Councils to get betting shop planning powers
- 30 April 2014
- From the section UK Politics
Councils in England are to get stronger powers to prevent "harm" being done by an "explosion" of bookmakers on High Streets, the government has announced.
Betting shops are currently in the same building usage category as banks and estate agents, meaning no planning permission is needed to open one.
This will be changed so that local authorities can scrutinise proposals.
Planning minister Nick Boles said the measure would help to promote "healthy and vibrant" town centres.
But Labour warned the change would do "nothing" to help areas that already had too many betting shops.
The government also announced it was also looking at controls on gambling advertising, including requiring betting firms to show how they were complying with social-responsibility codes when they applied for a licence.
It has set out plans to improve protections for players on fixed-odds betting terminals, including making those who want to bet more than £50 in one play pay over the counter, meaning they have to interact with staff.
Betting shop customers can currently lose up to £300 a minute on these machines.
Mr Boles said: "This government is taking action to support healthy and vibrant local High Streets.
"This is part of a wider set of measures designed to get empty and redundant buildings back into productive use and make it easier for valued town centre businesses like shops, banks and cafes to open new premises, while giving councils greater powers to tackle the harm to local amenity caused by a concentration of particular uses."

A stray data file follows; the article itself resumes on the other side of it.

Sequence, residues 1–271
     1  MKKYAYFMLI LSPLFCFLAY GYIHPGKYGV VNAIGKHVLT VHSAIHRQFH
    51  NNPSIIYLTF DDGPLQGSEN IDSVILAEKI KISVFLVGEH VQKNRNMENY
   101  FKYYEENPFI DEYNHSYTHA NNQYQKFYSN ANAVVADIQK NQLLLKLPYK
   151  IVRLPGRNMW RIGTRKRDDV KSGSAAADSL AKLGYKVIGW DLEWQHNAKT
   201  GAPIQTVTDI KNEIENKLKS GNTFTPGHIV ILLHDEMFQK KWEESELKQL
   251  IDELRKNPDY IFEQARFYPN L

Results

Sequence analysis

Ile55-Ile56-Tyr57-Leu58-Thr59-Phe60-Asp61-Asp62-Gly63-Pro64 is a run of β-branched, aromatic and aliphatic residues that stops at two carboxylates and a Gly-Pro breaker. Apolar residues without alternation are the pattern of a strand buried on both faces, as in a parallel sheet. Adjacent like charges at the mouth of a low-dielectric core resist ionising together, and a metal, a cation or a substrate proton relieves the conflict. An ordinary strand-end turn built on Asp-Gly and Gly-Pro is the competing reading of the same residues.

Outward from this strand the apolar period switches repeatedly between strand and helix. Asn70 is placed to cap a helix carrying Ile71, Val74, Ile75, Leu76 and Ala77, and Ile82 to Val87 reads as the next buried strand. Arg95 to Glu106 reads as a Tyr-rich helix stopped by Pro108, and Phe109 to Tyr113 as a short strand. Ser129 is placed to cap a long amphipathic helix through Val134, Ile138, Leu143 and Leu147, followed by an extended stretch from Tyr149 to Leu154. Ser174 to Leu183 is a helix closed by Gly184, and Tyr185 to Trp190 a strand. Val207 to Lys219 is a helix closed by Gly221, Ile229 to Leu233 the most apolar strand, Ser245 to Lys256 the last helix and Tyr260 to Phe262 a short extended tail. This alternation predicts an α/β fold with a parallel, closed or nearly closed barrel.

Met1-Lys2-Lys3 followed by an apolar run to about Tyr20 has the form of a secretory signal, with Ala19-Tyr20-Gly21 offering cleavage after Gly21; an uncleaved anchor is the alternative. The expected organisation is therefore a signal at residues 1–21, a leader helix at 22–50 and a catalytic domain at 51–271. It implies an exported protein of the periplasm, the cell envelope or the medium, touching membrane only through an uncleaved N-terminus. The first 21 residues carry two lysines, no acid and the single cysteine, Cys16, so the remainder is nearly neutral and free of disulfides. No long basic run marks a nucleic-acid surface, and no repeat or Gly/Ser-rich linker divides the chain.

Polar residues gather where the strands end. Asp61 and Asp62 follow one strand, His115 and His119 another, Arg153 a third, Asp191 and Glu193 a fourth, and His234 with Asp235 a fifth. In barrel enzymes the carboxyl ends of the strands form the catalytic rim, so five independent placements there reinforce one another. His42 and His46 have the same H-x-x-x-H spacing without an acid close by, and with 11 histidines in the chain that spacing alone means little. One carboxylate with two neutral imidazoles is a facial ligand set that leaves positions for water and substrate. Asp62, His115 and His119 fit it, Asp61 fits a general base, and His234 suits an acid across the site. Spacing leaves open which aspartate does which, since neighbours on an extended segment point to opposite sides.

Communities Minister Stephen Williams said: "Across the country many people are concerned about the explosion in the number of betting shops in some High Streets.
"The coalition government is determined to build a stronger economy and a fairer society with healthy and diverse High Streets that aren't dominated by betting shops, this is why we are now giving councils tough new powers to prevent the proliferation of betting shops in their area."
For Labour, shadow sports minister Clive Efford said: "After months of dithering by [Prime Minister] David Cameron, it is disappointing today's proposals appear not to have been properly thought through.
"The government's new £50 limit for fixed-odds betting machines is a sham."
Mr Efford said only 7% of plays on the machines were above £50.
He added: "The government is performing only a partial U-turn on planning powers but is doing nothing for those local authorities that already have problems."
The Local Government Association, which represents councils, said it was "pleased" the government had "listened to our concerns".
Its licensing spokesman, Tony Page, added: "We need to understand the detail of how these proposals will work in practice, and when they will take effect, but this could be a significant step in the right direction.
"Councils are not anti-bookies, and understand that betting shops can be an important part of local communities that create jobs for local people.
"However, we know how concerned people are by clusters of betting shops taking over their local High Street, and there are also fears that people losing money through fixed-odds betting terminals are turning to payday lenders and loan sharks to pay off debts or fund their gambling."